The confluence of the Scioto and Ohio Rivers has long been the site of human habitation, from the ancient Adena and Hopewell to the Shawnee and, lastly, to the Americans of today. The mouth of the Scioto has seen the rise and fall of many villages, some no doubt completely lost to history.
In the fall of 1783, soon after American Independence had been achieved, a major compromise was worked out between the member states of the Confederation. In exchange for Virginia’s ceding its claims to lands north of the Ohio River, a tract of land in the proposed Northwest territory would be held in reserve for Virginian veterans who had been promised western lands for their service in the Revolution. And thus, the Confederation Congress created the Virginia Military District (VMD) by setting aside the lands bounded in the East by the Scioto River, to the South by the Ohio, and to the West by the Little Miami.
The VMD was a massive tract of Indian land – over 3.8 million acres that the Shawnee and other Native Americans still believed to be rightfully theirs (and for good reason). Not until 1795, with the defeat of the Western Indian Confederacy at Fallen Timbers and the land cessions of the Treaty of Greenville, did the newly independent United States succeed in conquering these lands and opening them to American settlement
Yet, when the first settlers began arriving in late 1795 and early 1796, only lands on the West Side of the Scioto could be bought and sold, with a clear title. The East Side, where Portsmouth now stands, lay in what was then known as the Congress Lands, a tract of land that ran north along the east side of the Scioto River. These lands would not be sold at public auction until the spring of 1801. Thus, for nearly five years, just as pioneer settlers began pouring into the Scioto valley, only squatters could take up residence on the East Side. Clear title to the land, whether for a lot in Alexandria or for a mill site on nearby Carey’s Run, ensured that the first American settlement would be on the West Side. In June of 1799, when it was officially platted, Alexandria was laid out upon the former site of Lower Shawnee Town, an Indian village, which like Alexandria, had been previously abandoned in the 1750s due to flooding.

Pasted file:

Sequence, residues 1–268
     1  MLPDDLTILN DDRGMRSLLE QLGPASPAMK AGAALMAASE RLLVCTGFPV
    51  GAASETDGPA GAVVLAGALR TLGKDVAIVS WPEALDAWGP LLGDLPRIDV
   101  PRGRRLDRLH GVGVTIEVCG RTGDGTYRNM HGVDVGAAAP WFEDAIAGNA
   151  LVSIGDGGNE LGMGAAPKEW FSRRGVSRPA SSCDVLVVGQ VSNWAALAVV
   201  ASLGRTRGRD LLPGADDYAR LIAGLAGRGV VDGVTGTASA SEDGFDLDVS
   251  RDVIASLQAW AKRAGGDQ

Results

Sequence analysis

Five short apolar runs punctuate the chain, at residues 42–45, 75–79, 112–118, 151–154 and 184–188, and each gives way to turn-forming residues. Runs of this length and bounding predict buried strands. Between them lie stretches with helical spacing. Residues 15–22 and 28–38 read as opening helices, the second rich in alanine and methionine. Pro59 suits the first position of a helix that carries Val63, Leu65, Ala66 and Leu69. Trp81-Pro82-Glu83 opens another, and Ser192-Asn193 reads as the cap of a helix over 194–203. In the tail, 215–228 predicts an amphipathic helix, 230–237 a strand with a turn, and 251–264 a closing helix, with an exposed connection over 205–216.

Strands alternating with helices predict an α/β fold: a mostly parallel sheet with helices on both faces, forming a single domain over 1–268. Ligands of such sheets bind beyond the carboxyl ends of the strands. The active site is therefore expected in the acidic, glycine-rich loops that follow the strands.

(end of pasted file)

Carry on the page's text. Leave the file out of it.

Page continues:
Thomas Parker, a wealthy Virginian veteran of the Revolution who speculated in VMD lands, was the first American to claim ownership of the western side of the Scioto’s mouth. Parker was an absentee landlord, from Frederick County, Virginia. It was Thomas’ brother, Alexander, however, who appears to have first managed his brother’s properties in Ohio. Alexander (for whom the village may have been named) was granted power of attorney to dispose of his brother’s property in the VMD and it was Alexander who arranged for Elias Langham to survey, plat, and sell lots in the village in June of 1799. Langham, acting on behalf of the Parkers sold seventeen lots on the appointed day, including one for himself, No. 20, a prime corner location, fronting both the Ohio and the Scioto Rivers. The lots ranged in price from $15.50 to $100, with Langham’s No. 20 taking the highest price.
Langham would begin construction of a one storied, frame house, but he does not appear to have settled in Alexandria. As one pioneer recollected, “Langham remained there but a brief period. He did not possess the faculty of wearing like leather.” Instead Langham cast his fate elsewhere and hired David Gharky, a new arrival, to finish the house, in partial exchange for rent. With Langham pursuing other business affairs to the north, Major John Belli took over the Parker’s interests in Alexandria. He too would purchase lots in the town, but resided downriver, first at Washington in Adams County, at the mouth of Ohio Brush Creek, and then at his country estate, Belvidere, at the mouth of Turkey Creek in Scioto County.
Contrary to some accounts that place the county’s first celebration of the 4th of July at Isaac Bonser’s farm near modern-day Sciotoville, Alexandria clearly deserves the honor and recognition. We find an account in the Freedman’s Journal & Chillicothe Advertiser, dated July 11th, 1800, in which Alexandrians celebrated the anniversary at the house of Thomas Hart, who hosted a well-attended ball.